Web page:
Schoolchildren on a special autism programme are still stuck in temporary accommodation three months after they were forced out of their classroom because of health fears.
Selessia Watson, whose six-year-old son, Dante, is a pupil on the Paget Primary School-based programme, said the school and the education ministry had still not responded to several requests about when the youngsters would return to their regular classroom.
Ms Watson said: “We haven’t had any updates.
“I have asked, but no one can tell us anything. I know that they had to do tests and that they would take a week.
“We saw them down there cleaning and there has been nothing since.”
Problems started in September when the classroom’s air purifier started to give off an offensive smell and tests were ordered, which meant the children had to move.
The temporary classroom had to be cleared of junk and pests and had no counter space for the children to put their belongings.
The classroom also overlooks the school’s car park, which Ms Watson said could be a distraction for the Active Learners Programme pupils.
Ms Watson added: “My son is not settled. The children don’t have anywhere to put their bags they just have a seat in a classroom — it is not really a classroom.
“I feel like the school or ministry needs to communicate with us — they keep saying they are going to and then they don’t.
“I met with someone from the ministry and they said that the principal would get back to me and have a meeting with the parents but she never did.”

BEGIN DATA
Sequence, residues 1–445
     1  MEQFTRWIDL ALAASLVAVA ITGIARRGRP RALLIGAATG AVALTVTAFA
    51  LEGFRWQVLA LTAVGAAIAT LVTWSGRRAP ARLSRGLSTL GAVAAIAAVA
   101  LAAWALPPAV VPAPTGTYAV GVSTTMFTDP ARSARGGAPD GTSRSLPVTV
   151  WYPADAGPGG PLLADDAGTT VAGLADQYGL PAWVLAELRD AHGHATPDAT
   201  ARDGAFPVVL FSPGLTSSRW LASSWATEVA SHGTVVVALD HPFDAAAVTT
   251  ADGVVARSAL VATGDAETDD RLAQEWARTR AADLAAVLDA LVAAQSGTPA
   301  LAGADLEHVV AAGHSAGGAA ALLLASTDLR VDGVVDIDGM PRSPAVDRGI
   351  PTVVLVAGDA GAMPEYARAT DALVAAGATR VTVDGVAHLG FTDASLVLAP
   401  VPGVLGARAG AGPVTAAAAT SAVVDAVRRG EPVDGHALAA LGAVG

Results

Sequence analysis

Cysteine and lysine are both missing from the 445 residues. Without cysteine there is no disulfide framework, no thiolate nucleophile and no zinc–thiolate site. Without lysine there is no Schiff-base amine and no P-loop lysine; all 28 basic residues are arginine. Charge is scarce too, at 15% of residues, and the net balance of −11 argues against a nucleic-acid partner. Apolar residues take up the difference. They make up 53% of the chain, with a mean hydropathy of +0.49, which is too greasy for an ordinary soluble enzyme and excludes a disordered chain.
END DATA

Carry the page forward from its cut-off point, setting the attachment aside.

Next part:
Ms Watson said: “I feel like our children should matter, too.
“It’s like they are second-class citizens at their own school. The teachers and para-educators are wonderful. It is just that I feel that under the school itself — it is like our children are not welcome. That is how I feel.”
Kalmar Richards, the education commissioner, said that the source of the foul smell had been traced to rotten wooden cupboards and that the children were expected to return to their regular classroom after the Christmas holidays.
She added: “The Department of Education believes that every child is important and that every child deserves to learn in an environment that is clean, safe and where they have the emotional support needed to succeed.
“Since the Department of Education was informed of the challenges at Paget Primary, we have identified the source of the odour and ensured that the room purifier is operating and that the rotting old wooden cabinets have been removed.
Ms Richards added that painting work and tiling had been carried out and final sanitisation of the classroom was due to start this week.
She said that the Department of Education supported the teachers and the principal at Paget Primary.
Ms Richards added: “They work every day to provide excellent teaching and instruction for students in the autism programme.
“The autism programme has been at Paget Primary since 2012 and has received incredible input and assistance from parents and the community.
“We appreciate parent involvement and engagement and I encourage parents to continue to lend their support where they can.”